That spontaneity led to several other key outfits in the new series, such as a widely papped striped sweater worn with a full ballerina skirt — the crinoline of a vintage ballgown that the two designers took apart — which echoed not only Carrie’s famed tutu from the opening credits, but also the green tulle underskirt she wore in the last episode of the original series, when she got back together with Big. And then there is a pretty silk ensemble worn with an oversized white jacket and the blue floral brooch that Carrie donned frequently in Season 3.
“It all happened really organically in the fitting room,” Rogers said of those little “nods” to the original series. “You would have a slouchy jacket, and it would just kind of happen that that would be like a nice moment for a flower there.”
The flame-haired feminist has come a long way from her early butch power suits to the pretty paisley-print dresses and chandelier earrings she sports in the movies, as she went from corporate Manhattan lawyer to Brooklyn mom working for a scrappier firm. Yet when actress Cynthia Nixon showed up to her fittings with a sleek silver ‘do, it opened a whole new approach to the character’s style.
“You know, when you go to silver hair, you are sure of yourself,” Rogers said. “You’re confident, you’re not hiding your true hair color and you’re going with the flow and feeling good. So, I think in work and in your personal life, you might dress a little more relaxed and not so suited.”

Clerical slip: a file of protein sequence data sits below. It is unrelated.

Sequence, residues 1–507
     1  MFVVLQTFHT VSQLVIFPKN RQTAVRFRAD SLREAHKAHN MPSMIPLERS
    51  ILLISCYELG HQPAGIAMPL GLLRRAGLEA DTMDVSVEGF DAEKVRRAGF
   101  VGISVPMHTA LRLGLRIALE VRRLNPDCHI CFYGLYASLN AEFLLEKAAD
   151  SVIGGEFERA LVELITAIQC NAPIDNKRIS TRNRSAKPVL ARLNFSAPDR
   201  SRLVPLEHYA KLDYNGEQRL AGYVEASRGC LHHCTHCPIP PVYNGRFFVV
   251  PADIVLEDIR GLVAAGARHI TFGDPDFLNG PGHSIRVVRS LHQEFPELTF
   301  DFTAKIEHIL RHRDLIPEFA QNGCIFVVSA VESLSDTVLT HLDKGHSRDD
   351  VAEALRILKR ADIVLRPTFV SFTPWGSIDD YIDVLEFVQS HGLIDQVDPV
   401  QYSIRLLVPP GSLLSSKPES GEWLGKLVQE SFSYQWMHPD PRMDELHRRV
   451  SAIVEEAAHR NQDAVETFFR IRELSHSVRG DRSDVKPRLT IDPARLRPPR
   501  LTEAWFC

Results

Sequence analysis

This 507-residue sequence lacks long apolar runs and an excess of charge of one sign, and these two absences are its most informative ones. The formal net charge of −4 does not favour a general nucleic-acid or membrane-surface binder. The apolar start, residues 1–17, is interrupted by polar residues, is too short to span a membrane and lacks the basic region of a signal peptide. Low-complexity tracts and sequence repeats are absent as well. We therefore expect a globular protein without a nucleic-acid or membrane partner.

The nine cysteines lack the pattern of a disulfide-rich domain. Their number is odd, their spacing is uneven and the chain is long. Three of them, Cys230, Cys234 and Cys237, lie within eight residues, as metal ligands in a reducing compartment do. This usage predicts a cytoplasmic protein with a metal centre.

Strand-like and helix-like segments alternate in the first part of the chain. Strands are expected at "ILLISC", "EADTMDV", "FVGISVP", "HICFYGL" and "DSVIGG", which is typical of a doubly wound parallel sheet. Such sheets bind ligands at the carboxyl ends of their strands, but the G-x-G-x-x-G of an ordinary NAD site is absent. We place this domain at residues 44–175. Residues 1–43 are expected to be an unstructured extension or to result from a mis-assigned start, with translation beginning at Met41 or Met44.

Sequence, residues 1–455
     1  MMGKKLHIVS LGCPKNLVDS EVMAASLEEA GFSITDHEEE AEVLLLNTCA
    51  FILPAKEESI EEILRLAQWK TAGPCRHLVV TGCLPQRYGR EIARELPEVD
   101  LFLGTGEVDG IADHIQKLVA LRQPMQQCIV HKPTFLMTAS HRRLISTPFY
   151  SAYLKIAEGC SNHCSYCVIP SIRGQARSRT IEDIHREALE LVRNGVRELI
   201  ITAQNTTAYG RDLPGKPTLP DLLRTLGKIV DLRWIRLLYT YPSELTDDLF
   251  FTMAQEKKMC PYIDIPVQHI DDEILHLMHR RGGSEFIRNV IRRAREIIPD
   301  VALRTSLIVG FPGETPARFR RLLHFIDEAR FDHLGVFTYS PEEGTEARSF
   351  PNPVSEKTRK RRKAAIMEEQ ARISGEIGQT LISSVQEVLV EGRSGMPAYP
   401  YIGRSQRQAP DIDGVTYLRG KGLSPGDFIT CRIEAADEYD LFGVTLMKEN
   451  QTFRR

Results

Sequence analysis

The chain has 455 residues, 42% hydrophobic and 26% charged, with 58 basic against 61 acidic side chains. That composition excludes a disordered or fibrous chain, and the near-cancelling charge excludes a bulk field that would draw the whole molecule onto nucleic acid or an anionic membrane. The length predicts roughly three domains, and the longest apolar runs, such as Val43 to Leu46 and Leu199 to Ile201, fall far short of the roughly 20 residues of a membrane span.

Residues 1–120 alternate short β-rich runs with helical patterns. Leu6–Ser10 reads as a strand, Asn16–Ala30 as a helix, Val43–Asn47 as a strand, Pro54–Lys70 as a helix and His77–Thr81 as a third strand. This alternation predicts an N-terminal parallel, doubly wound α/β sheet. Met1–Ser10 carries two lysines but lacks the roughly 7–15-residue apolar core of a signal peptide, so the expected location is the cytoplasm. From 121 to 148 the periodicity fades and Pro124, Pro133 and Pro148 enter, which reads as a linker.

That means chunky clogs, softer suit jackets in bright colors and graphic print dresses from indie designers like Dries Van Noten and Altuzarra — as well as a floaty caftan from South Korean brand H’s Cabinet, picked up at Park Slope boutique Min-k.
With Miranda, it was more about bringing her look up to date with hip, new designers. “We had such a bigger outreach [with this new show], because of the Internet and Instagram that we were able to discover new designers and people that we really were excited to work with and incorporate into [the girls’] styles.”
Charlotte York Goldenblatt
In the original series, Charlotte (played by Kristin Davis) had one of the most dramatic character arcs, experiencing divorce, a religious conversion, a miscarriage and adoption — before getting pregnant in the first movie. Yet the former art gallerist turned Upper East Side mommy stayed true to her blue-blood fashion tastes, sticking with sweet sweater sets, prissy polka-dot prints and Burberry checks throughout “SATC’s” six seasons.
“Charlotte has stayed the same in her style outlook,” said Rogers of the character’s consistency. “She’s still in the Upper East Side, she has a family and she dresses in that lane.”
The two designers managed to subtly tweak her wardrobe, however, making it even more luxurious, as befitting her pampered existence, with even fuller midi-length skirts, puff-sleeved blouses and floral dresses festooned with ruffles and pussy bows, as well as a mini Burberry bag for her dog’s poop — a detail that seemed to channel the whimsy of Rogers’ mentor, Patricia Field, who gave Rogers a bit of advice before she took charge of the costumes for the show.
“She said to try to keep the whimsy and the fun of it,” Rogers said. “And don’t get too serious, that everything would be great.”